Friday, May 18, 2007

Getting Around to Getting in Shape

It was a warm, spring day in southern Hokkaido, and I was homeward bound on the Etomo peninsula, nearing the end of a 20-km bike ride. The low road follows the railway out the peninsula from Higashi Muroran station, and the ride is flat on a wide, uncluttered sidewalk as far as Misaki station. That’s where the hills begin. There are four altogether, and while none are very long or steep, all are substantial enough that, just a few short years ago, I would have been down to my lowest gear, standing up on the pedals, and sucking hard for air.

Not after nearly two years in Asia.

I cruised up the first hill, and when I was halfway up the second, I couldn’t help but break into an ear-to-ear grin. My legs were keeping cadence in the middle of my gear range, and I was shifting up to take the hill faster.

Coming from an asthmatic, un-athletic childhood (I played zero sports growing up), I couldn’t be happier – or more pleasantly surprised – with the level of fitness I’ve attained in Japan. The surprise comes because I didn’t come here looking for fitness. In fact, I rarely exercise for the sake of exercising. The change has come on a far more basic level.

In Japan, my wife and I don’t own a car. Five years ago, as a new college graduate about to embark on a Great American Road Trip, the thought of not owning a car was unimaginable. The automobile symbolized freedom, the ability to point myself down any open road and just go. And go fast. But after 80,000 miles in the next three years, I was burning myself out. So when Maureen asked if we should try to get a car in Japan, my response was, “No.” More than anything, I wanted to see if I could actually live without my own car.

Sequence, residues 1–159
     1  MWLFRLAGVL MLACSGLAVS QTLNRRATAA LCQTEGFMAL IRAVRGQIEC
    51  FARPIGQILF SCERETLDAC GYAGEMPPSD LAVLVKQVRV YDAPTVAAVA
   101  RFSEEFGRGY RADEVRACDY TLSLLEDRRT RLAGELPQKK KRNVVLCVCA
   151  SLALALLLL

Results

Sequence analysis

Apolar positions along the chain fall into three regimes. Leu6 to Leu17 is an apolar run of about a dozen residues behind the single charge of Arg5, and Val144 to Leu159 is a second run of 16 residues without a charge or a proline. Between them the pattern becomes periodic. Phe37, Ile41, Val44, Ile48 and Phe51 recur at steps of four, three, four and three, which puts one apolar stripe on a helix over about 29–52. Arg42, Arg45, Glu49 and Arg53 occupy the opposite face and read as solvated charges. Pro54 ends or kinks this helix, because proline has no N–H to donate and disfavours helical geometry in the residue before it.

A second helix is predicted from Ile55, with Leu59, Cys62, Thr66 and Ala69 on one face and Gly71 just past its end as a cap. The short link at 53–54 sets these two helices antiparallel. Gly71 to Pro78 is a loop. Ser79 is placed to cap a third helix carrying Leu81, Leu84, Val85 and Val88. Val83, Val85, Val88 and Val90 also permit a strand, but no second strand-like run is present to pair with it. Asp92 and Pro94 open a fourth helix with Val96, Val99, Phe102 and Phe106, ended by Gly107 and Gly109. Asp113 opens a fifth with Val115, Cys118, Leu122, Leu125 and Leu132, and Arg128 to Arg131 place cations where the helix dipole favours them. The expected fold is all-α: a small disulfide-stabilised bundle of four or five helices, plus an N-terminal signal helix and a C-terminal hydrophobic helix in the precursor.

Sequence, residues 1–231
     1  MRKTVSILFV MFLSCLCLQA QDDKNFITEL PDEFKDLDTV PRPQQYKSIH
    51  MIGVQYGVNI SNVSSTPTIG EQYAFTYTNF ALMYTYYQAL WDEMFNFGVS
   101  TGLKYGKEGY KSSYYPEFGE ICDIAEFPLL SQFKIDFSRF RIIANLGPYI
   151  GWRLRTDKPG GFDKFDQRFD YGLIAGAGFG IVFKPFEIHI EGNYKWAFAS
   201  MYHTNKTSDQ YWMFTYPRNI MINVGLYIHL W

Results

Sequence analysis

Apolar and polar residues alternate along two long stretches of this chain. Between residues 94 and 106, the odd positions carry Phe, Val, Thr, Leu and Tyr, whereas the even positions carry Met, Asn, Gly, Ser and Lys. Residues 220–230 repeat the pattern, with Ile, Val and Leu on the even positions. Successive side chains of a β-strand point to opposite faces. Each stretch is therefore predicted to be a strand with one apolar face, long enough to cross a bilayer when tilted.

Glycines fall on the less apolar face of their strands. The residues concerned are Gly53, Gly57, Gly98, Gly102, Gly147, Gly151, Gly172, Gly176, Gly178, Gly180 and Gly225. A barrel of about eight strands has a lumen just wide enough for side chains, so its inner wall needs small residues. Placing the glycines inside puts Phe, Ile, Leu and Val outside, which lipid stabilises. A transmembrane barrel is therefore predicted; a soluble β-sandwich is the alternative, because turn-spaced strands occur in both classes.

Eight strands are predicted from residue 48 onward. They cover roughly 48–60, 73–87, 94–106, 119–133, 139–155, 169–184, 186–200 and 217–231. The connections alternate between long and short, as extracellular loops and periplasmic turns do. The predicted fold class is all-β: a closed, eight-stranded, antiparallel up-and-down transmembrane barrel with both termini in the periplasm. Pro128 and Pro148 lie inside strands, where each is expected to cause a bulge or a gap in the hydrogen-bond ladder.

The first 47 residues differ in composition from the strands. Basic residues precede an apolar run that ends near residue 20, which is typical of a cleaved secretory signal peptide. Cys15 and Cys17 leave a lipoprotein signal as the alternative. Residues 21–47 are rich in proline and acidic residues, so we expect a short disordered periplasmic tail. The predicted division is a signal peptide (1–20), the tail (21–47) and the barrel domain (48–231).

Now, as we prepare to return to the U.S. this summer, one of things I’m most dreading is driving again. I’m dreading the stop-and-go traffic of rush hour, the looong suburban streets of endless traffic lights and stop signs, and the hours of my life that I’ll forever lose to focusing on the road. Books on CD will help there, but even so, they aren’t the same as actually reading, or writing on my iBook, or just staring contemplatively out the window.

One thing I hope I don’t lose is the firmness I’ve found in my thighs and quadriceps. Nights at the gym aren’t the answer for me. My only hope is by refusing to drive any distance that I’m able to cover on two feet or two wheels. That won’t always be easy in a country where many main roads don’t even have sidewalks, but I’m determined. I’ve already told Maureen that we can only get one small car for the two of us to share (and two nice bikes). She’s willing to try, but has her doubts. To tell the truth, I do, too, so for any of you who we’ll be seeing stateside in the months ahead, we’d really appreciate your support. For anyone else who happens to be reading, encouragement is always welcome.

All the same, I’m excited to try. Besides, maybe I’m looking at it all wrong. To turn this around, despite all the convenient public transportation in Japan, I was still able to get into shape. Just think of the exercise I can get in the U.S. without so much public transit.

4 comments:

Meredith said...

Yay! Happy to see new posts again! Looking forward to seeing you guys this summer!!!!!!!
love, mere :)

Tim said...

Nice post Scott, it's great to have you blogging again and I'll throw a link back up on my blog today.

I renewed my license the other day 30 months after it expired, but am still holding out against getting a car of my own. True freedom is the time to go slow.

Scott Lothes said...

Thanks for the comments, guys! I'm glad to be back online. Leaving early in the morning for an overnight campout near Niseko, my first of the year. May is waaay too late to be dusting off the tent for the first time. I'll have to make up for that in the coming weeks.

Anonymous said...

Scott,

You can live in Moscow without a car; you can't, however, railfan in Moscow without a car. -Jim D.